To be fair, however, I also read an article that dismisses my belief that income inequality is a problem. This article cited numerous statistics that demonstrated that the poor in America are actually very much better off than the poor, not only in other countries, but even in comparison with the poor of past Americas, say 19th century or early 20th century America. Simple things like access to indoor plumbing, owning TV's, owning a car, having air conditioning, etc. All true. Clearly, there are a host of countries (probably even countries that have lower GINI scores) where the truly poor live in squalid conditions that are far worse than anything in America.

But for me, showing me a picture of the living conditions in some sub-Saharan country and saying, see, our poor don't have it so bad, is an incredibly limited yardstick. How do our poor stack up against those in countries more like ours, say Germany or Japan? Besides, we all know that any comparison is relative. In a place where the average income is $30 a month, someone making $60 is well off. But in America, the average yearly wage is in the upper $40's to low $50's so someone earning $8 per hour (about
$16K per year) is poor in comparison, whether or not they own an air conditioner.

Regardless of what some people might say, more equal wealth and income distribution is not the same as exactly equal. I am not advocating that everyone should earn the same salary regardless of position or contribution. There are people who clearly do not participate in our economy and our goal should be to provide the tools, such as education, skills training, and yes, temporary economic assistance, so that they can become productive members of our nation.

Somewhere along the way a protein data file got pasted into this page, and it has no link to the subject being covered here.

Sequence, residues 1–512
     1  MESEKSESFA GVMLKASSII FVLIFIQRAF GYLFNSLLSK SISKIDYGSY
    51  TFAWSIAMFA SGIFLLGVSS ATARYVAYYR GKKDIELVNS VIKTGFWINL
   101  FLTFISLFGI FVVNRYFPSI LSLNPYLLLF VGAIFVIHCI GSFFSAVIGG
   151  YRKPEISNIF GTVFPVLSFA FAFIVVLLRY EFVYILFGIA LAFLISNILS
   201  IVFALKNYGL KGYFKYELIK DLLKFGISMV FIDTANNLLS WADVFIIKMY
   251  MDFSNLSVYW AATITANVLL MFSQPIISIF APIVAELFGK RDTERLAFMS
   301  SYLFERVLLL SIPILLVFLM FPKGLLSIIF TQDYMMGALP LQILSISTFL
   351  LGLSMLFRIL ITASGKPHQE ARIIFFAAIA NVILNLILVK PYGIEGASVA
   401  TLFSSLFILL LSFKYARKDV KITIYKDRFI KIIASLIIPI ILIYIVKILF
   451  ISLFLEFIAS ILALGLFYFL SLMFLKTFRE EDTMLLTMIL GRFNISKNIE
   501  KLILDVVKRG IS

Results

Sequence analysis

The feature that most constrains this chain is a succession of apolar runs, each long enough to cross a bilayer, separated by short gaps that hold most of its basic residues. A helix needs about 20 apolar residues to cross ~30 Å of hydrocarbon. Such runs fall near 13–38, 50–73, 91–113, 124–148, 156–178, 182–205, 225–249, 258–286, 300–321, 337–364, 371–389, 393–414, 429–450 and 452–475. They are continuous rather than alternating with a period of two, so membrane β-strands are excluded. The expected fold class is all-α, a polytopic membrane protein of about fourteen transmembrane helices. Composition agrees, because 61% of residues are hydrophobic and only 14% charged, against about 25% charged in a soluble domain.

But how do we justify when someone earns 100, 300, even 1000 times the salary of others in the same company? To illustrate how this trend to higher salaries for the top wage earners has blossomed, check out the data from the census tables which can be accessed through the following website.

As you can see, the first chart details that 5% of families earned over $200K per year in 2008 while 8% earned under $15K. Even more illuminating, the second chart illustrates that in 1980, 8.8% of families earned under %15K while 13.2% earned over $100K, yet by 2008, while 8.1% still earned under $15K, a whopping 26% now earned over
$100K. Is it better for a country to have all people experience the benefits of a growing standard of living or just some?

If those earning $7.50 and hour made $10 instead while those earning $51 made $48, would the benefits of that extra money for the lower wage earners outweigh the detriments to those who saw their income drop a bit? Would it be better for America if more people felt economically comfortable? Would it hurt America if less people felt "rich"?

Perhaps the real question is, how do we redistribute income so that we maintain a strong middle class without rewarding those that do not work yet while still limiting the restrictions we place on the movers and the shakers so that they still have incentive to create. There are no easy answers, but we will never find an answer if we don't first admit that income inequality is a problem. And we will never find a solution if we continue to cling to the near religious belief that capitalism is a perfect economic system.